Exercises to promote healthy rotator cuffs and scapular stabilisers
This month I am focussing on shoulder and upper back conditioning, specifically on the rotator cuffs and scapular stabilisers.
The rotators are a group of muscles that – together with their corresponding tendons – stabilise the shoulder joint when it completes a range of motions. These muscles are especially important to climbers, who use and abuse them regularly with dynamic pulling actions and overhead movements.
Injuries to the rotator cuff can limit shoulder mobility and lead to inhibited pulling strength, grip strength and a multitude of other restrictive issues.
So, you can see why it’s so important to keep the rotator muscles strong and in peak condition. Here are four simple exercises that I like to use to strengthen my rotator muscle group and keep them in good working order:
External rotations with a resistance band
Stand with good posture (back straight, feet hip-width apart, knees unlocked, shoulders back and down, head up) and keep the elbows at a 90-degree angle and at your sides, grip the resistance band with palms facing up and pull hands away from each other until you reach the point of mild tension, then slowly return to your starting position. Perform 20-25 repetitions.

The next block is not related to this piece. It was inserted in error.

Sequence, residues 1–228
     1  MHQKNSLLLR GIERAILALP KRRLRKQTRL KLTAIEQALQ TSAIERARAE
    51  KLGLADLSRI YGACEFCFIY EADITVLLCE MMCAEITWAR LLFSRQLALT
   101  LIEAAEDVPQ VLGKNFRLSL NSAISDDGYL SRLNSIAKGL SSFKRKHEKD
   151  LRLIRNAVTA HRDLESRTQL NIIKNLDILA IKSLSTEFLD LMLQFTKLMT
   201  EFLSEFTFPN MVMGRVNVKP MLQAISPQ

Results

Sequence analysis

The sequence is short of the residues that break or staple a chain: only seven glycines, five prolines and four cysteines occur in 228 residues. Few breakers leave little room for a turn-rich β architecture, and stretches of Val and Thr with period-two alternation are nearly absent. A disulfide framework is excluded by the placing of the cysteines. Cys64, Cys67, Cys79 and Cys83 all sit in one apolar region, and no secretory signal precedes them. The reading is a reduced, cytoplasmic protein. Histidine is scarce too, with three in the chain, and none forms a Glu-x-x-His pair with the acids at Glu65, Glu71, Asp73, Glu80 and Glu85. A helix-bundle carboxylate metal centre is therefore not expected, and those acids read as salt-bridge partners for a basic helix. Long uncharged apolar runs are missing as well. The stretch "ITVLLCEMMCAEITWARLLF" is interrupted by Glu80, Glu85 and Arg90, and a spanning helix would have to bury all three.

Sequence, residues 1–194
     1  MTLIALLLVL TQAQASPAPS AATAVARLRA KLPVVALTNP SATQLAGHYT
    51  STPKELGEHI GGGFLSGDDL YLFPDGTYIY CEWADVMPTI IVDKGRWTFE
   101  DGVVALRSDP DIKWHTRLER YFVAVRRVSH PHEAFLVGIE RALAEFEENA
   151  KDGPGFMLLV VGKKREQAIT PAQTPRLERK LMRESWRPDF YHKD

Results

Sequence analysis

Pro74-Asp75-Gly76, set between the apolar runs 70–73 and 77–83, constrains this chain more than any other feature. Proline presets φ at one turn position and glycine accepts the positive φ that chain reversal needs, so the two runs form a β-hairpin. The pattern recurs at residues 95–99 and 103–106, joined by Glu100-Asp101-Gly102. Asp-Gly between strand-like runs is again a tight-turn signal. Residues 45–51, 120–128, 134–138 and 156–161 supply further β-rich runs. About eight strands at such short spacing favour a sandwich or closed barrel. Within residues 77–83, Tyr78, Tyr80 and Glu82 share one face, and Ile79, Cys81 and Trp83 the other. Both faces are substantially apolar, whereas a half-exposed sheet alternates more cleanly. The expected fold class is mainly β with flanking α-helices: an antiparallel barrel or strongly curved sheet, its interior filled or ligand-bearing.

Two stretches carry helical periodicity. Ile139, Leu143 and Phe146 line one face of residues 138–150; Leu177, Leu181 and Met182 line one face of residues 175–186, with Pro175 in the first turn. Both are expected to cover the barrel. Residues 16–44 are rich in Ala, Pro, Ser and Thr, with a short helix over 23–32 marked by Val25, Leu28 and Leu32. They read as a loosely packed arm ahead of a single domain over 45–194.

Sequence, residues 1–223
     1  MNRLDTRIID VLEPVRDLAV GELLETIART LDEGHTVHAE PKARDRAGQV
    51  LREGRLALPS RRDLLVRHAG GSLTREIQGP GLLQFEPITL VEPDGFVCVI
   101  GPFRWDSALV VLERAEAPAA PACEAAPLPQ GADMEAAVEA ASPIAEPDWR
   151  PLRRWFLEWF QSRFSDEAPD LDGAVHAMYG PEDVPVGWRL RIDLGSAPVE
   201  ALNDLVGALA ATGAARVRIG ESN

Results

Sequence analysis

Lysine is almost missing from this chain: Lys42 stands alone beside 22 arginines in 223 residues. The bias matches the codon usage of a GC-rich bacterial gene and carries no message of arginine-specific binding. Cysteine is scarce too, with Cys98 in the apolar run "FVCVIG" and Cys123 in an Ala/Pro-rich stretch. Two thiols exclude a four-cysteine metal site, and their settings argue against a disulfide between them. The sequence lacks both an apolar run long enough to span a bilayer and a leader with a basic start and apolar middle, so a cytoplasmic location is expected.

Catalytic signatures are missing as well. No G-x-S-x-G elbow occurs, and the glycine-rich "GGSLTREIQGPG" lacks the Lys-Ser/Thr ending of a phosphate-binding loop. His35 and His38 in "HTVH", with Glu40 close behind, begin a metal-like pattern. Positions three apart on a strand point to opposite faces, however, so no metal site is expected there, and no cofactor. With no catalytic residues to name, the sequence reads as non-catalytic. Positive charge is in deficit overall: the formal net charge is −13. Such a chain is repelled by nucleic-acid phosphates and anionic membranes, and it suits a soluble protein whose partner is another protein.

Internal rotations with a resistance band
Anchor the resistance band on an object at waist height. Standing with good posture (as above) and keeping the elbow at a 90-degree angle, grip the resistance band with the hand closest to the anchor and pull the hand and forearm across your body. It is very important to keep the elbow fixed to the side of the body and move only the forearms and hand. Return to starting position. Perform 20-25 repetitions.
Stand with good posture, moderate weight dumbbells* in both hands, lift your shoulders towards your ears, and hold for one second. Release slowly back down, keeping the shoulders back as they travel down to the starting position. Perform 20-25 repetitions.
Sit on a chair or bench, with good posture, holding moderate weight dumbbells* in each hand. Bring the dumbbells to the side of the shoulders, elbows bent and palms facing out. Press the dumbbells directly overhead, palms maintaining a forward-facing position. At the top, arms press in until the dumbbells touch. Reverse the movement, bringing the hands back to the starting position. Perform up to 20 repetitions.
*Remember, this is about conditioning the muscles, not building muscle, so heavy weights are not needed.